But in this era, the choices were few. In one episode the men mock how the young women in a focus group about cold cream only wanted to know if the product would help them find a husband. The reality of the time was that there were few other options: before the 1970s, a woman could be fired if she was pregnant (the Pregnancy Discrimination Act of 1978 changed this), she couldn’t get a credit card without a husband to cosign (changed by the Equal Credit Opportunity Act of 1974), and could be forced to retire at 32 (Pan Am’s requirement for stewardesses, changed by the Civil Rights Act).

At the end of the Mad Men run, the women found contentment we might not have expected. Joan chooses love of career over romantic love, Betty chooses honesty and her education over the image of perfect domesticity, Peggy chooses career – and finds love that fits into that choice. The strength it took for the women to make these choices — and other difficult ones along the way — given the obstacles of their time, was for me the real draw of the series. The women focused on what they really wanted, and went for it, despite the odds. Fairer sex indeed.

Read More

Downton Do’s and Don’ts: What Downton Abbey Can Teach You ABout Financial Planning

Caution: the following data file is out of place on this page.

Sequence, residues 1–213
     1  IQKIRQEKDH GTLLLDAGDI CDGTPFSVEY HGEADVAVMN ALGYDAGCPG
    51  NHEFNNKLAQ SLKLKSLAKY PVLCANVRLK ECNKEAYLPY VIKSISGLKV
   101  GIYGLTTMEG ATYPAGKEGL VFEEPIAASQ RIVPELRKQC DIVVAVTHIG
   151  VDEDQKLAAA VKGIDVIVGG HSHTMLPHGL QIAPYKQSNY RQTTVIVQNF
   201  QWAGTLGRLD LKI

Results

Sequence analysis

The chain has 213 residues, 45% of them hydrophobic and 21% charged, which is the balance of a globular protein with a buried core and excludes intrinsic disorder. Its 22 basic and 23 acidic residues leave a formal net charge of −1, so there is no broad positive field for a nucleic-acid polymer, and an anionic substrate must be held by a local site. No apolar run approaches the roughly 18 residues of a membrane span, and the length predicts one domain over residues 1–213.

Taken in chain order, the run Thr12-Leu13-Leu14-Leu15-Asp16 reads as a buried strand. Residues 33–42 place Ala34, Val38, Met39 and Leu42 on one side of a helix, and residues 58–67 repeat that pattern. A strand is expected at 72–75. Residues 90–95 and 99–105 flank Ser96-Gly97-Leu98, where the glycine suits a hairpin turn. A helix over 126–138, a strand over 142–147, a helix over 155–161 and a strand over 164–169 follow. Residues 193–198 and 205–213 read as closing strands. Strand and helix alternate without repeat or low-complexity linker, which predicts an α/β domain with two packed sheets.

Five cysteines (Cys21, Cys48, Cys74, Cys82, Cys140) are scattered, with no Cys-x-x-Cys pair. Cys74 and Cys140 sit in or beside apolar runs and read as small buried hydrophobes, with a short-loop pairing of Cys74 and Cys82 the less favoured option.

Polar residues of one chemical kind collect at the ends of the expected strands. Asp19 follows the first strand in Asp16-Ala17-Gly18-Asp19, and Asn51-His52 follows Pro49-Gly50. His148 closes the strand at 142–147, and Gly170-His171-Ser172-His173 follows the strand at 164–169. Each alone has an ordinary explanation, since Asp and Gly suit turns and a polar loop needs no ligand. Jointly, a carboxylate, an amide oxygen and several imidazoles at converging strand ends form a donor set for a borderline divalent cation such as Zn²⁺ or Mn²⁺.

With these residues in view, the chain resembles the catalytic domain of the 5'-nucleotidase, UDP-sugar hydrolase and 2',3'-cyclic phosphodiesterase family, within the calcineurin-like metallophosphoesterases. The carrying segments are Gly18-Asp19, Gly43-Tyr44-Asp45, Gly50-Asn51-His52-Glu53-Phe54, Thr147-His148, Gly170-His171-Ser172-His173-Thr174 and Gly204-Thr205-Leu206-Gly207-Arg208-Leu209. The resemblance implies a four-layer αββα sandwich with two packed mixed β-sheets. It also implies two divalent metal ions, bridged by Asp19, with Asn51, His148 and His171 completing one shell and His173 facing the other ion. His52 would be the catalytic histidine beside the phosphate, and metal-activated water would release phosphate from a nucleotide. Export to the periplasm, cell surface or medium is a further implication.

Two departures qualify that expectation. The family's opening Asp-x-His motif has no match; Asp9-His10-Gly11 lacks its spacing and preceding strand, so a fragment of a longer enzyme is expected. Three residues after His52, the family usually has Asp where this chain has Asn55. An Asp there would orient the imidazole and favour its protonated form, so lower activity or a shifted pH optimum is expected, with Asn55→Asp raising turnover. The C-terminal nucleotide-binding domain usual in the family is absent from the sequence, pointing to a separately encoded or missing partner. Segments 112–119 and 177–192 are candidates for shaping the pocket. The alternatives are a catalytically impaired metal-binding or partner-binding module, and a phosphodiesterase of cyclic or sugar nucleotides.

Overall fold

Posted on Mar 30, 2014 in Estate Planning, Family, Uncategorized, Women

SPOILER ALERT: If you’re not already watching PBS’ masterpiece series, Downton Abbey, first of all, where have you been? Secondly, you may want to read this after you’re caught up on the travails of the Crawleys and the Granthams through Season Three of the series.

In the wealthy world of Downton Abbey in early twentieth century England, one didn’t discuss money. And gender lines often determined roles in financial management, despite one’s skills, or lack thereof. In the early twenty-first century, one luxury we don’t have is to ignore our personal financial lives, and Downton provides some solid lessons.

1. DON’T Die Without A Will
After surviving war, injury and star-crossed romance, Matthew Crawley finally finds love with Lady Mary Grantham. Tragedy strikes at the end of Season Three when Matthew is killed in a car accident, leaving a widow with a young child. He was 32.

Don’t think it can’t happen to you. I still have young clients who start an estate planning conversation with “ If I die…” The only two things I can say for sure about anyone’s financial plans are that their plans will change, and they will die. No one expects an accident (thus the name) and the time is now to get your affairs in order.